ADS customers range from the engineering sector, state departments of transportation, local municipalities and even secure military work. Carter said ADS is able to serve that range of customers because it can “deliver all the products and services that a really big company can deliver.”
“But, customer service is what differentiates us and what keeps our clients coming back,” Carter said.

The Aerial Arena
ADS boasts several thousand customers, and they know that the coming weeks are the optimal times to call ADS. Trees are free of leaves, making the ground easier to photograph from the air.
At ADS, rendering services and products starts with determining the desired outcome, said Andelin.
“Say you’re a land developer and you want to develop 160 acres of land. If you’re going to be grading, cutting and filling land – or maybe for GIS, there are different things we can do,” Andelin said.
Within days of the commission of a project, ADS pilots take to the air in one of two planes equipped with high-tech cameras. The cameras take stereo photos – think of the old Fisher-Price View Master toy and how those images were taken at slightly different angles to look three-dimensional. From those photos, technicians at ADS use computers to produce planimetric maps, which detail streets, buildings, power poles, etc. They can also produce surface models, which detail terrain contour information.
Another edge ADS has in the photogrammetry market is they house their own flight operations, survey crews, photo lab and photogrammetric departments.
“I don’t want to have to send anything out,” said Carter. “I want to do it here and have control over the timing and quality.”
Though ADS faces competition from surrounding states, those companies sometimes call on ADS to take the photos because they have in-house aircraft.
“If someone calls us, we can get out and fly the job in 24 hours if they need it,” Andelin said. “It’s a big benefit, having your own aircraft and crews, because a lot of what we do is for engineering companies that may have their own surveying department, but they may be busy doing other things.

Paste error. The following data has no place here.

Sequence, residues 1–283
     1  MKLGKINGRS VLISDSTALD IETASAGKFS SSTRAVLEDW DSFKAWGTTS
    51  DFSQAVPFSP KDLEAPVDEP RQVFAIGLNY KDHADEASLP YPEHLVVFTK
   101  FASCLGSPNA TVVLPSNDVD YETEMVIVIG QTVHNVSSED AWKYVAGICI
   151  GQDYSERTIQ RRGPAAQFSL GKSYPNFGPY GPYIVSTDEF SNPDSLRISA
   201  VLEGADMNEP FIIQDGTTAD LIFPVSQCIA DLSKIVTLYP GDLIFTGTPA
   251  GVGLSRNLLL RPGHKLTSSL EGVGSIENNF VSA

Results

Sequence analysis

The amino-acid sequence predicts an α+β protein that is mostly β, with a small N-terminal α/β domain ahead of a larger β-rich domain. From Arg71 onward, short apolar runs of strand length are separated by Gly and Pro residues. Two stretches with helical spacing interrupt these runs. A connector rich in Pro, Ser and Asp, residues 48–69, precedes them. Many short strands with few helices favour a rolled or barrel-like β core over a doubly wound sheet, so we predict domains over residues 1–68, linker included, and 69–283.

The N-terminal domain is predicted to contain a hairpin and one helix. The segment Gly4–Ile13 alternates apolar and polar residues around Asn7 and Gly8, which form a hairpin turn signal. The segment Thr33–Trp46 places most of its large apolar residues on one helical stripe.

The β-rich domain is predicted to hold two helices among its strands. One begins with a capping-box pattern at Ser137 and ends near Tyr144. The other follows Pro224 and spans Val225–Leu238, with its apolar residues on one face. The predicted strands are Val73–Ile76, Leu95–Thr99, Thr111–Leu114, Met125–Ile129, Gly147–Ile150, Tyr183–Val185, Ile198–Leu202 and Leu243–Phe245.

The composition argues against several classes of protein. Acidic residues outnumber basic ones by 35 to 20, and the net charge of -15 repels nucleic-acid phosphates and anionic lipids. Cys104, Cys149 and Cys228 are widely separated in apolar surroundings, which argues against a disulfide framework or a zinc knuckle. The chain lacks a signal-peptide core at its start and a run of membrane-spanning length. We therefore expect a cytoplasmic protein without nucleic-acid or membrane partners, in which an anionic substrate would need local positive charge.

“We’re more familiar with how to survey for mapping. It makes things go a lot faster and easier for them,” Andelin said.

Future on the Cutting Edge
As interest in and demand for integrated Geographic Information Services and photogrammetry services swells, ADS is poised to seize the expanding market.
The management team at ADS has lately been engaged in research and development of new products and services. New services are 3-D city modeling, which is extremely accurate thanks to geospatial measurements, and GIS hosting.
“Now we have to enlighten our clients that these services are available and educate them as to how to use them,” Carter said.
Though some mapping companies view the wide availability of Google Earth and other applications as competition, Andelin said ADS views those advancements as consumer education and market expansion.
“It just means more and more people become aware of what we do,” Andelin said.
“It really only generates more calls to us, more requests and additional work for us,” Andelin said.
On the horizon for ADS is the ability to map the inside of buildings. Carter and Andelin perceive the demand from first-response and emergency services, and they are working to find a viable solution.
“If they could see the inside of a building just as you can see Tulsa from Google Earth, there would be a lot of value in that. And we have that capability,” Andelin said.
“In a first-response situation, if a firefighter has to go into a building, and they can see on a screen where he is and tell him where he needs to go, the technology could be tremendously helpful,” Carter said.
Purchase of a digital camera is on the horizon for ADS, Carter said.
The cameras on the planes are the most expensive pieces of equipment in the aerial mapping industry. The cameras, with software and peripheral equipment, can cost more than $1 million, exceeding even the cost of an airplane. The last new camera purchased by ADS 15 years ago cost $400,000.
Andelin anticipates being commissioned by entities like Google Earth and Microsoft to capture aerial imagery for their databases.
“Right now, most of our work gets put into the world of CAD [computer-aided drafting]. More of our work will be for the Internet, or for tools that are used on the Internet. So GIS is the direction we’re going,” Andelin said.
ADS recently purchased a new plane: a twin-engine Piper Navajo PA-31-350 Panther II. With two planes, Carter anticipates the advantage of keeping a plane local while sending the other to service potential clients who were previously out-of-reach.
“We anticipate growth, whether it’s here or there,” Carter and Andelin said. ?